In today's NFL, the line between No. 1 and No. 2 receivers is becoming increasingly blurred thanks to an increased prevalence of spread formations and collegiate influence.
So, before there is literally no discernible difference among wideout groupings, let's rank the best No. 2s in the game today.
(No specific formula was used, and obviously, there are already teams that don't have a distinct No.1 and No. 2 receiver.)
With Mike Wallace in the fold in Miami, Brian Hartline will likely be relegated to the No. 2 receiver role for the Dolphins.
At season's end, there's a chance Hartline actually receives more targets than Wallace, but Hartline should become more of a chain-moving target for quarterback Ryan Tannehill.
He caught 74 passes for 1,083 yards in 2012, which followed three seasons with more than 500 receiving yards.
Hartline isn't the biggest, fastest or most athletic wideout in the league, but he should carve out a fine niche as the No. 2 for Joe Philbin's club.
It can be argued that Anquan Boldin was the No. 1 receiver in Baltimore with the Ravens last year—and he sure played like one during the Super Bowl run—but with Michael Crabtree emerging as a complete wideout in 2012, Boldin will likely assume No. 2 duties in San Francisco this season.
He caught 65 passes for 921 yards during the regular season and has averaged 77.2 receptions and over 1,000 yards per season for his career.
Boldin will be 33 in October, and he doesn't appear to be a 1,000-yard wideout anymore, but he'll be quite the No. 2 next to Crabtree for the 49ers.
Quietly, Lance Moore has established himself as one of the most dangerous and annually productive complementary wide receivers in the NFL.
Marques Colston and tight end Jimmy Graham are actually the top targets in New Orleans for Drew Brees, but calling Moore a reliable No. 2 isn't a stretch.
In 2008, the former Toledo standout finished the year with 79 receptions for 928 yards and 10 touchdowns.
After battling injury in 2009, Moore has re-emerged for the Saints—he has averaged 61 grabs, 810 yards and 7.3 touchdowns since the 2010 season.
When healthy, Miles Austin is an exquisite No. 2 receiver opposite the physically imposing and ultra aggressive Dez Bryant in Dallas.
The former undrafted free agent burst onto the scene in 2009 with 81 grabs, 1,320 yards and 11 touchdowns; however, after a similarly production 2010, he has dealt with nagging leg injuries that have kept him on the sideline and limited his explosion.
At 6'2'' and 217 pounds, Austin is can line up anywhere on the field and put pressure on the opposing secondary.
In 2012, he caught 66 passes for 943 yards with six scores.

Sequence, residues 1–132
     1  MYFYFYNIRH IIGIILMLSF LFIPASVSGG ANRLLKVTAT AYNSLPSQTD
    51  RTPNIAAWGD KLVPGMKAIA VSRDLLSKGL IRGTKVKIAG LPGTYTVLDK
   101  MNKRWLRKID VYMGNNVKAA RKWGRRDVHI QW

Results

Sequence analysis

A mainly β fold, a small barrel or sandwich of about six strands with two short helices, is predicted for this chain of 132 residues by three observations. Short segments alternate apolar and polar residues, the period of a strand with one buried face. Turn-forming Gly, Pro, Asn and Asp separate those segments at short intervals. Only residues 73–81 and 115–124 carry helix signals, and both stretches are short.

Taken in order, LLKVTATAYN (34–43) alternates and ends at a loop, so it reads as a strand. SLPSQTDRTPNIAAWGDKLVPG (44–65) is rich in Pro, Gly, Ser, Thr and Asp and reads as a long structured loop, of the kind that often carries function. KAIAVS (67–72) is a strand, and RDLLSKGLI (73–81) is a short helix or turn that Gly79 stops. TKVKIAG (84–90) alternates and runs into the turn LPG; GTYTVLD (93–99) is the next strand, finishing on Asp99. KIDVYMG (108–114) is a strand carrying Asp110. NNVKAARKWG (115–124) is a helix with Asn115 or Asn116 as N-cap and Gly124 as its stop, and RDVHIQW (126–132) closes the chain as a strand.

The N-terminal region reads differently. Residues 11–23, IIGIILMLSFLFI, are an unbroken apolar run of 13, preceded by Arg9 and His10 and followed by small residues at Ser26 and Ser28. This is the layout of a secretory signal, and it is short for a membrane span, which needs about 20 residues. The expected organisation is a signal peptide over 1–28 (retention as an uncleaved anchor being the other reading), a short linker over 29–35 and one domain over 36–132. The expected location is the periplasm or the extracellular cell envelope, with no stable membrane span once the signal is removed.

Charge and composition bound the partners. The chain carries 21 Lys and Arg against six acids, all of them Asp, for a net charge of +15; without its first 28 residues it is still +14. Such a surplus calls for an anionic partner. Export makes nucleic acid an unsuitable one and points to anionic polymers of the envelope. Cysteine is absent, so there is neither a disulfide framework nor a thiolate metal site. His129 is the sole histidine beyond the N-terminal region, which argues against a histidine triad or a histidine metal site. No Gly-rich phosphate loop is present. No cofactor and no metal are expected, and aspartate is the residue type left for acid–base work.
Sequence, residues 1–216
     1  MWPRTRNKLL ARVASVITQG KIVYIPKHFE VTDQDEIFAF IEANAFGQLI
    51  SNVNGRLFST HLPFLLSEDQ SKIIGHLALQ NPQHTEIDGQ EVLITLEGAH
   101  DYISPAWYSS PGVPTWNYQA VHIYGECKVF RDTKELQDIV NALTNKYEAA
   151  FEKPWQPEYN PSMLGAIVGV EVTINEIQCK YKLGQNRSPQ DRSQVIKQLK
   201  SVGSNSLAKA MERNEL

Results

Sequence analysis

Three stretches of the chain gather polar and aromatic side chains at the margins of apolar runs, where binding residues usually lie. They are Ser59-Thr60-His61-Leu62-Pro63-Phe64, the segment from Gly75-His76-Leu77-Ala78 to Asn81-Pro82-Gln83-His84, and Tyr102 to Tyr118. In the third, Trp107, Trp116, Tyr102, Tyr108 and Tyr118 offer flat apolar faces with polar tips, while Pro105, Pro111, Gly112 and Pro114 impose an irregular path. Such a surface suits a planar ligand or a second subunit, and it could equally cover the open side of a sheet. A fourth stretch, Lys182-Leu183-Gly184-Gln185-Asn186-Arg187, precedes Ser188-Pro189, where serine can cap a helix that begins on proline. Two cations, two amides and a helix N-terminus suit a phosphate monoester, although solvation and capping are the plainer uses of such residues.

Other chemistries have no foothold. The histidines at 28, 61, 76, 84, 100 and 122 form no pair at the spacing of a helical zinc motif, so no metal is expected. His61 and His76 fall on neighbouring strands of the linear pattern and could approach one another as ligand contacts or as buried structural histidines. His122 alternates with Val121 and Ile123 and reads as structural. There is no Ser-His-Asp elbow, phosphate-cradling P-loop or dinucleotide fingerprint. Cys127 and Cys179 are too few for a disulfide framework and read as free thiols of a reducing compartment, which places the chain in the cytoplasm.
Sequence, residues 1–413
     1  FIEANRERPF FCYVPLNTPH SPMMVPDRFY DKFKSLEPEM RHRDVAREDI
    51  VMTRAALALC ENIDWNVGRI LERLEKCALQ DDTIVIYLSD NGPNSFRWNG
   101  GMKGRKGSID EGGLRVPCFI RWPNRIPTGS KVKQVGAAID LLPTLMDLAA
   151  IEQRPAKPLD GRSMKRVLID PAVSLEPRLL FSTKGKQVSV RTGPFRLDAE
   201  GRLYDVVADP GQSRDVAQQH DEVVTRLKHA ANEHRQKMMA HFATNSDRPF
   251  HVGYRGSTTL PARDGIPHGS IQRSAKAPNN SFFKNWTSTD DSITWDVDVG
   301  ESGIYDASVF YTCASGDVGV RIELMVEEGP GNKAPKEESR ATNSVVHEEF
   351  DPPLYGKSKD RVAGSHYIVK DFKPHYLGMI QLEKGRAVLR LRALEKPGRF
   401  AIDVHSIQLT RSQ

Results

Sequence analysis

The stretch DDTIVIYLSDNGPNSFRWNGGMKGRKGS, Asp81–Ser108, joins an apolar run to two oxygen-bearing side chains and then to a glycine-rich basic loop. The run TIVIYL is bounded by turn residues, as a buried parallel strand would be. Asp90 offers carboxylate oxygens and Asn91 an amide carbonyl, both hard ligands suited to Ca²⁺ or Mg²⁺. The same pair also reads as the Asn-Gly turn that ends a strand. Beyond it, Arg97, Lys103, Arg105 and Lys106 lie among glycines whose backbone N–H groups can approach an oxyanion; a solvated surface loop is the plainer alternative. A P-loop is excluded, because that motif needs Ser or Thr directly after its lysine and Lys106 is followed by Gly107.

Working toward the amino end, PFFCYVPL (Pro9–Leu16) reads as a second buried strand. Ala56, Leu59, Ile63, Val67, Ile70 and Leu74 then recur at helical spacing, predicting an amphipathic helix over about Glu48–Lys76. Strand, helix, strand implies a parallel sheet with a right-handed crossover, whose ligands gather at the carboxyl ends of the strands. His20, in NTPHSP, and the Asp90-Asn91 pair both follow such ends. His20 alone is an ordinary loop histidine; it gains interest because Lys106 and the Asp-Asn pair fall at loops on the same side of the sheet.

Jordy Nelson makes the list as the No. 2 receiver in Green Bay, but really, there hasn't been a distinct No. 1 for the Packers in a while.
Heading into the 2013 season, let's say James Jones will be Green Bay's No. 1 and Randall Cobb will be the high-volume, bubble-screen, underneath slot option.
While deciding if Nelson is the No. 1 or No. 2 option for Aaron Rodgers is extremely difficult, there's no doubting the fact that he's been underappreciated during his career.
He had a prolific 2011, catching 68 passes for 1,263 yards with 15 touchdowns and has averaged 54 receptions and 863 yards with eight touchdowns per season since 2010.
At 6'3'' and 215 pounds, Nelson is a formidable downfield threat who excels on back-shoulder throws and jump balls.
Similar to Nelson, Mike Williams is a big downfield target who aggressively attacks the football at its highest point and has a well-rounded game.
He was emerging as the Tampa Bay Buccaneers' No. 1 receiver, but Vincent Jackson assumed that role when he was signed to a lucrative contract before the 2012 season.
While his production has been hindered due to the inconsistency of quarterback Josh Freeman, in his first three NFL campaigns, Williams has averaged 64 receptions, 910.3 yards and 7.6 touchdowns per year.
With a fine blend of size, speed and strength, Williams is certainly an upper-echelon No. 2 receiver.
Percy Harvin has been a gadget receiver during his time as a professional, and he may finish the 2013 season with the most targets and receptions on the Seattle Seahawks next season.
However, it's hard labeling him as a true No. 1 wideout, especially with the bigger outside receiver Sidney Rice on the roster.
Harvin's averages of 70 receptions, 825.5 yards and six total touchdowns per season in 54 career games are very respectable, and as one of the quickest wideouts in the game, he's a threat to score every time he touches the football.
Hakeem Nicks is a wildly productive receiver when he's healthy, the problem is, he dealt with nagging injuries in 2012.
Some would say he's the true No. 1 for the New York Giants, but Victor Cruz's consistency has elevated him to that distinction.
The former first-round pick had consecutive 1,000-yard receiving seasons in 2010 and 2011.
He is a refined route-runner with deceptive speed and elusiveness at 6'0'' and 210 pounds.
It was in an unconventional way, but Wes Welker was the No. 1 receiver during his stint in New England with the Patriots.
In Denver, he'll be the No. 2 behind Demaryius Thomas, who's coming off an 94-catch, 1,434-yard, 10-touchdown season with the Broncos.
Welker and Peyton Manning should formulate quite the chain-moving connection.
Julio Jones could conceivably pass Roddy White as the Atlanta Falcons' No. 1 receiver in 2013.
However, White has accumulated more than 1,000 yards receiving every year since 2007.
At 6'3'' and 220 pounds, Jones has the ideal size to line up on the perimeter and beat bigger cornerbacks at all levels of the field.
He has surprising downfield speed and excels after the catch.
Right now, he's the best No. 2 wideout in football.